Nov.18, 2013

For those of you who design 3D printed items and sell them on online marketplaces, here's a good news. Etsy, one of the Internet's largest marketplaces for handmade products, has made some new policies to give vendors more control over how they run their business, and to allow them to use an outside manufacturer to help make their goods. Most notably, according to Etsy's "marketplace criteria" for sellers, Etsy gives a wider definition of "handmade" - now, 3D-printed objects that you create yourself is considered to be as handmade as ceramic pots or sterling-silver jewelry.

Etsy has 30 million registered users and over US$1 billion in total annual transactions, and there has already been a number of 3D printed object sellers on Etsy. But Etsy has now more explicitly clarified its acceptance of 3D printing. According to CEO Chad Dickerson, the new guidelines is to "lure back sellers who "felt Etsy's policies were too intrusive and restrictive." But some Etsy users are outraged by what they see as Etsy's abandonment of its commitment to human handicraft, with some jumping ship for purer artisan sites like Zibbet.

In a recent NPR article, Dickerson says he hates to lose sellers because of the new policy. But in the eight years that Etsy has been online, the creative world has changed. For example, some sellers are creating jewelry using 3D printing.

"Those are handmade, I think, in spirit, even though they're designed on a computer and printed," he says.

Talking about why these changes make sense now, Dickerson says, "Etsy sellers are at the heart of a growing revolution. More and more people around the world are interested in supporting local, mindful, independent businesses. Buyers increasingly want to know where their goods come from. At the same time, makers have access to an ever-growing array of methods to create their items, everything from laser cutters and CNC routers, to manufacturers who do small runs of high-quality items. Artists are integrating these new technologies with some of the oldest hand-making processes in the world in surprising ways. Makers are banding together to collaborate, sharing workshops and tools, and building their own production facilities.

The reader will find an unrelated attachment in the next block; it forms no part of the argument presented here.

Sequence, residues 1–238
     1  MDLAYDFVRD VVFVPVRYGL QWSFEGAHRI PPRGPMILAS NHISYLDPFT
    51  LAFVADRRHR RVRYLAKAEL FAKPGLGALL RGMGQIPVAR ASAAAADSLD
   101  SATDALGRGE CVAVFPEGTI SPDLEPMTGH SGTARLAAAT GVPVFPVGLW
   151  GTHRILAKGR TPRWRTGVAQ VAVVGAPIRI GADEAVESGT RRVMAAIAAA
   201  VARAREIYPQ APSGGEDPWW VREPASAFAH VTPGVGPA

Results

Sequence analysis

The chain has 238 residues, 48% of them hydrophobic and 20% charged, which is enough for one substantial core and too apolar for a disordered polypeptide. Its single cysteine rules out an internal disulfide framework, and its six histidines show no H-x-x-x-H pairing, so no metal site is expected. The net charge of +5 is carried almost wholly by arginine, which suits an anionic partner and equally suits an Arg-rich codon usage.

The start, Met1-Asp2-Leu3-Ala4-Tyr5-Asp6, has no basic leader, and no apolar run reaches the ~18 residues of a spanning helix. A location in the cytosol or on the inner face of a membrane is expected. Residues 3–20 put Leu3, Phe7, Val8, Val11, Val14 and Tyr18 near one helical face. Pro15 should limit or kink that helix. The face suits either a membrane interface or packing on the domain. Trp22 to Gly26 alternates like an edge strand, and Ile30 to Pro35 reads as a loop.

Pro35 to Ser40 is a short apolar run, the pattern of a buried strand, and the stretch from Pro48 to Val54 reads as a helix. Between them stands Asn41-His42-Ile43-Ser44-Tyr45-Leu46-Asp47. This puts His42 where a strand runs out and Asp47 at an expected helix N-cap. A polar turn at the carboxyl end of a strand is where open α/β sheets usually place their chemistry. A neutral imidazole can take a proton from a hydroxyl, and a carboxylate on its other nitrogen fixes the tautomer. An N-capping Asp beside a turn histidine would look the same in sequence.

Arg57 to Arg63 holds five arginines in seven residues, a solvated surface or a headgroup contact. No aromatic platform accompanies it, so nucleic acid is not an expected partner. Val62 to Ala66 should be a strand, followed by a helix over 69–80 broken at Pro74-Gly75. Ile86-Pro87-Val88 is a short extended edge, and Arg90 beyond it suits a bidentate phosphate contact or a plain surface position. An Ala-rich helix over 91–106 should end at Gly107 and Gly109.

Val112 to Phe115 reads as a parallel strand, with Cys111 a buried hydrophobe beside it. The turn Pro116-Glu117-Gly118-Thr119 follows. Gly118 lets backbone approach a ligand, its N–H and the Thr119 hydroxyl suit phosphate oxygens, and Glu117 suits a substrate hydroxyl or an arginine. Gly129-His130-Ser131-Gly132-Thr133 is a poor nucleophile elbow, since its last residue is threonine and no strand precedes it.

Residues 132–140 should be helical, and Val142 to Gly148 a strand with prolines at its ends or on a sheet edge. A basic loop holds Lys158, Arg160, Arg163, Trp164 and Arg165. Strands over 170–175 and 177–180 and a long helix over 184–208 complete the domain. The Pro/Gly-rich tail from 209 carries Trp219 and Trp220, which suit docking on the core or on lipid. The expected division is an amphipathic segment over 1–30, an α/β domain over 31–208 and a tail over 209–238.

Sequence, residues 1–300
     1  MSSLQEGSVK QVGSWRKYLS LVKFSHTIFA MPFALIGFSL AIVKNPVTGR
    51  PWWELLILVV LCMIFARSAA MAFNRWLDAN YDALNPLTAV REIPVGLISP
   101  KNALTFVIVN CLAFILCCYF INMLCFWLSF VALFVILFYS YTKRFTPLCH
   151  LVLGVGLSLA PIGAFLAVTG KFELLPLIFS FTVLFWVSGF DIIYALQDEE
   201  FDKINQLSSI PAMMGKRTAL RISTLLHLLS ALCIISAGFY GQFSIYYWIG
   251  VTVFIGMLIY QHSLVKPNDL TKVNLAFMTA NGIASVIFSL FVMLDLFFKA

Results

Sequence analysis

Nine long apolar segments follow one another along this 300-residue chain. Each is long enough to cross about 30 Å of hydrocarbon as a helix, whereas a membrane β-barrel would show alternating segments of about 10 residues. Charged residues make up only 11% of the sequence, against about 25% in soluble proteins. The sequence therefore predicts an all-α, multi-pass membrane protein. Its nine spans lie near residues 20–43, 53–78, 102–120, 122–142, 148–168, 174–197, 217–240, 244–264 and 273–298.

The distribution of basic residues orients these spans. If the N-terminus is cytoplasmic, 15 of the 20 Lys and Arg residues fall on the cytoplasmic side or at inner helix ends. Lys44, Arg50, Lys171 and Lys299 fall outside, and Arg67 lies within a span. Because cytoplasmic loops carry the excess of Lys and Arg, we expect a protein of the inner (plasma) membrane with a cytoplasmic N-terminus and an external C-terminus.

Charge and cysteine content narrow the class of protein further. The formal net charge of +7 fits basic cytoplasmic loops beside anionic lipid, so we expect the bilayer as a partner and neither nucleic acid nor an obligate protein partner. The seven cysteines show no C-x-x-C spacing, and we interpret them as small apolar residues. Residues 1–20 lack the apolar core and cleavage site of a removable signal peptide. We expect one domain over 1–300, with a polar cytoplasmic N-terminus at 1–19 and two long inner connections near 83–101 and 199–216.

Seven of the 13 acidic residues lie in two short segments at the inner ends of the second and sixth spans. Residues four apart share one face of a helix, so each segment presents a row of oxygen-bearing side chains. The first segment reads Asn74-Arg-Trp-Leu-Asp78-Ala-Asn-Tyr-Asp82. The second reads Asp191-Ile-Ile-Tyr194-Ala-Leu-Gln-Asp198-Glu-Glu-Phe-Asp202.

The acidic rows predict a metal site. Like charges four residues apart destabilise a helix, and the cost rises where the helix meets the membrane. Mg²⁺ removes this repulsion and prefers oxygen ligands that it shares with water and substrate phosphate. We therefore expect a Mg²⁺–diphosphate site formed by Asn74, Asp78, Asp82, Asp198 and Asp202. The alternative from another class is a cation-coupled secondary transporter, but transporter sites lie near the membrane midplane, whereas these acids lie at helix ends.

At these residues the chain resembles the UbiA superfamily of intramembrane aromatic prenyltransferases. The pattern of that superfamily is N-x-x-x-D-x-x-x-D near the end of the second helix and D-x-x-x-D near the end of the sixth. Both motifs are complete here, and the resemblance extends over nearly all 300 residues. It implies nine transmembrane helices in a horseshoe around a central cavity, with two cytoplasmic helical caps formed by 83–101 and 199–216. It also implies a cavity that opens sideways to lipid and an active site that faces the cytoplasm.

"We believe these trends are going to continue and we want Etsy to lead the way. As we reimagined our policies, we wanted to give Etsy sellers the ability to take full advantage of all these incredible developments." Dickerson explains.

He says Etsy sellers can now turn their hands to whatever innovation comes next.



Posted in 3D Design



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